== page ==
CHINA'S Shenzhou VI spacecraft, its second to take astronauts into orbit, is expected to land back on earth tomorrow morning and the country has geared up for its return with a gush of patriotic fanfare.
State television will run live coverage of the primary landing site on the remote steppes of the northern Inner Mongolia region as of 4am local time (4am AEST tomorrow).
The two astronauts onboard will have completed 76 orbits of the earth and travelled millions of kilometres since Wednesday morning's launch of the mission, which state media has hailed as a breakthrough demonstrating China's emergence as a technological power.
"We're proud of Fei Junlong and Nie Haisheng, and we're even prouder of the motherland's constantly advancing aerospace program," Xinhua news agency said.
Chinese President Hu Jintao spoke to the astronauts by telephone over the weekend, just days after presiding over a meeting of top Communist Party leadership that spelt out the country's plans to develop its technological prowess.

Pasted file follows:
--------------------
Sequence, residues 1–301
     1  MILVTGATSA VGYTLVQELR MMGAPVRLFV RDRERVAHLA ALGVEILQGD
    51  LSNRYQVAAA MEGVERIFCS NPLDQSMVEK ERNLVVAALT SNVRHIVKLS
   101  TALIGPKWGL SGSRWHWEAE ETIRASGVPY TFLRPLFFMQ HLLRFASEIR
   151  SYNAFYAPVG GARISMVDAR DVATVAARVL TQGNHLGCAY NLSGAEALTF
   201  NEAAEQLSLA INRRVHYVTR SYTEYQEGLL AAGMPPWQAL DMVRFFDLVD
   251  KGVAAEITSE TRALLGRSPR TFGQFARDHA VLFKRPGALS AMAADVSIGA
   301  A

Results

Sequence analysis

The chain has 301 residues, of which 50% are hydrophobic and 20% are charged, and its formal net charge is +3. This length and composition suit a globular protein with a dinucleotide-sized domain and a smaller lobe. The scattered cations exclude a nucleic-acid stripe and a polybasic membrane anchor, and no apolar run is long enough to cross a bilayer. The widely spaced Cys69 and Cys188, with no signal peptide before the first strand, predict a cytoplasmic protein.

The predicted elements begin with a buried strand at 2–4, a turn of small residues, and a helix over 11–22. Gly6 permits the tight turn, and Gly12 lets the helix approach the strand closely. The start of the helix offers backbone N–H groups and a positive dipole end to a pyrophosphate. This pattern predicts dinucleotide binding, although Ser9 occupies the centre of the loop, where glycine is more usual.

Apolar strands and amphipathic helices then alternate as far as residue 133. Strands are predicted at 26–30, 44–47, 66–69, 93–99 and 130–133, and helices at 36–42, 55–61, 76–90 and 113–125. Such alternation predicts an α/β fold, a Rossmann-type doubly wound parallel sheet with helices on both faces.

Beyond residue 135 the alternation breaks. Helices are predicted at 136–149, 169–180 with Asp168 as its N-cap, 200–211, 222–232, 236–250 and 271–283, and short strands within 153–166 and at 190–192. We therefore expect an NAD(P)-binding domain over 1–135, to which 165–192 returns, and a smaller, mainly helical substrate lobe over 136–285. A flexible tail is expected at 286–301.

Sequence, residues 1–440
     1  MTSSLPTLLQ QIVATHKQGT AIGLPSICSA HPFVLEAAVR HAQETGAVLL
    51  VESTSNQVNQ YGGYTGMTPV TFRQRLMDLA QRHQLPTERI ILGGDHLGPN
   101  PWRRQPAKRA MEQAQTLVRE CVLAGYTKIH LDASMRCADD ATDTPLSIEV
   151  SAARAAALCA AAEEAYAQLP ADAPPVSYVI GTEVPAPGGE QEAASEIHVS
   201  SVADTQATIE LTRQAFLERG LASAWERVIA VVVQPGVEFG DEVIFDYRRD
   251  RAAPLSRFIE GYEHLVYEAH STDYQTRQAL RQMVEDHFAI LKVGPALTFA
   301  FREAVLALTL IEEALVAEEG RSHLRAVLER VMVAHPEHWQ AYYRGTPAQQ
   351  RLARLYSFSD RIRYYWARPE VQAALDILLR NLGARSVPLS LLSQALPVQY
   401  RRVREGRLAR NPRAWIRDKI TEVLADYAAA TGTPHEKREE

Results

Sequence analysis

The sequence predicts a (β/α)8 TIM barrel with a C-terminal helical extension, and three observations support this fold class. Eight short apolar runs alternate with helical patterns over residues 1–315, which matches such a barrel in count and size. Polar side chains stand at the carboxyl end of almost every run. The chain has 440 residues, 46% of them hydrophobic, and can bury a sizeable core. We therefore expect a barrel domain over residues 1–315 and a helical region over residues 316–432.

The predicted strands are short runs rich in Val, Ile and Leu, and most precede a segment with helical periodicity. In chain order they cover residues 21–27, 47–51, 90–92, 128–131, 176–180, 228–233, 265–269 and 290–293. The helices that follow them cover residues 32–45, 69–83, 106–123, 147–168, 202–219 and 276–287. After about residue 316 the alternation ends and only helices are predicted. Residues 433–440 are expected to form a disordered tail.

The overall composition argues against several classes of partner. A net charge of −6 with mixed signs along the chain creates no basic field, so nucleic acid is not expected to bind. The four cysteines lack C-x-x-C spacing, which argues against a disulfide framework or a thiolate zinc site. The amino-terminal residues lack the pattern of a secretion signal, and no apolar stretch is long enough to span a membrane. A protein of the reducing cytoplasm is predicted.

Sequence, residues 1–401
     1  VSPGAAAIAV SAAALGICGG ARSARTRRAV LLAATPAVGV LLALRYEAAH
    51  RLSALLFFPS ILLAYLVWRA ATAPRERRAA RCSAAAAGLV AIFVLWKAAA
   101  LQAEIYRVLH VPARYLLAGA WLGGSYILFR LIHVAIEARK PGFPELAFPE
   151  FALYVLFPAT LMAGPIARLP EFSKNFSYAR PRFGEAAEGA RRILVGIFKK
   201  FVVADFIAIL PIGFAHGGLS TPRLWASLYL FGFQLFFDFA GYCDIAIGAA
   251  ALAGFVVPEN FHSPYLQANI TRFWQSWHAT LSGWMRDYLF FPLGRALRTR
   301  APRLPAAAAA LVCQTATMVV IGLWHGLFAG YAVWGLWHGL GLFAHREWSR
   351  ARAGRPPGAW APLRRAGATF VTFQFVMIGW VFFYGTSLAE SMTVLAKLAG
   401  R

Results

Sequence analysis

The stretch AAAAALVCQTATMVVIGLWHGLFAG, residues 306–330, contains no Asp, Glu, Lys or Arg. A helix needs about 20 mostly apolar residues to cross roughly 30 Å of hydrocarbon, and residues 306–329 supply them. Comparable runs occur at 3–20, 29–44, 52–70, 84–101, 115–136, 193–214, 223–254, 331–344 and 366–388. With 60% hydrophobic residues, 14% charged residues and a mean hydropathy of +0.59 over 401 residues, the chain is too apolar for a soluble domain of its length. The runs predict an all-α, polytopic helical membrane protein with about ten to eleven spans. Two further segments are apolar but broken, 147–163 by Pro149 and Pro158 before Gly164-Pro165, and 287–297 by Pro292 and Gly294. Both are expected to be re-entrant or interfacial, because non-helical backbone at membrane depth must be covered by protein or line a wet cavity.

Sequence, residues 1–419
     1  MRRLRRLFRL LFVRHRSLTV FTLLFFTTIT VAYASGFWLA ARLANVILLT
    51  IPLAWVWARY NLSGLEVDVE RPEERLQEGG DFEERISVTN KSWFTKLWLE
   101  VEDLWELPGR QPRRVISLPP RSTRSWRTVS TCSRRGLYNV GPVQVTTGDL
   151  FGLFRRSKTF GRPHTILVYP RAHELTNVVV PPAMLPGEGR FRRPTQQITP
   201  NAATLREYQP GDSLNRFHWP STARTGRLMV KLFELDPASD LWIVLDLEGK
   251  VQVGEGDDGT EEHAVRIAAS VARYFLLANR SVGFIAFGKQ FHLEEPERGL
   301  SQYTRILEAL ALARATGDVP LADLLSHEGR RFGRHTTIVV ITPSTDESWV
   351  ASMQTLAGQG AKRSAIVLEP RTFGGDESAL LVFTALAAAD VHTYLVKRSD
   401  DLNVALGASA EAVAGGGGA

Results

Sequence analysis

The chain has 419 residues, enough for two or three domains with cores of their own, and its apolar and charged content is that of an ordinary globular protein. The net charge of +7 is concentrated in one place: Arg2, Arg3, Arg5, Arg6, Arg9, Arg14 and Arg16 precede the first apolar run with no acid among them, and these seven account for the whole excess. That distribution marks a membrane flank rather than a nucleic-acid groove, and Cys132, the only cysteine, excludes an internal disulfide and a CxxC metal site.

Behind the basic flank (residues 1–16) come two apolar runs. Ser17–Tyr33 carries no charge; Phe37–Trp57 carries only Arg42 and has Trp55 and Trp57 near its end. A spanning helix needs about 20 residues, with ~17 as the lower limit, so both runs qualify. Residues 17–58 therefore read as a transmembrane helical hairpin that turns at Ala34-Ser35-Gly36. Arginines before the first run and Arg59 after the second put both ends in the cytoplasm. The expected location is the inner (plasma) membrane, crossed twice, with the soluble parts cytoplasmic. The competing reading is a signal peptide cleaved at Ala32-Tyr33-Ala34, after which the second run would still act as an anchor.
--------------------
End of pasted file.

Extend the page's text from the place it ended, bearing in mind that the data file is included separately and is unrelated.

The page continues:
"In times past, we couldn't manufacture even a car or ship," Xinhua said.
"Today, an independent, self-sufficient, constantly strengthening China has, like a miracle, become one of a handful of countries able to make the dream of spaceflight a reality."
China has pulled together its increasingly ambitious space program on a relative shoestring.
Xinhua quoted a Chinese academic as saying the price for the development of the entire Shenzhou program was about $US2.3 billion ($3 billion), a fraction of NASA's $US16 billion ($21 billion) budget for this year alone.
But state media have mainly focused on the economic benefits the space program should reap for China's 1.3 billion people.
"Successful flights like Shenzhou VI build cohesiveness and reassure the people about their nation's social and economic potential," said Anthony Curtis, a professor at the University of North Caroline at Pembroke.
Colonel Yang Liwei became the first Chinese man in space when he orbited the earth 14 times aboard the Shenzhou V in October 2003.
The country has also used its increasingly reliable Long March rockets to put more than 50 satellites into orbit, including a few for foreign international clients.
"China's repeated successful launches of manned spacecraft will be extremely likely to help China achieve a fresh breakthrough in the world commercial aerospace market," the China Business newspaper said.
Its next manned mission, slated to include a spacewalk, will take off in 2007, followed by the establishment of an orbiting space station, which Curtis said would be feasible within the next five years, The Australian reported.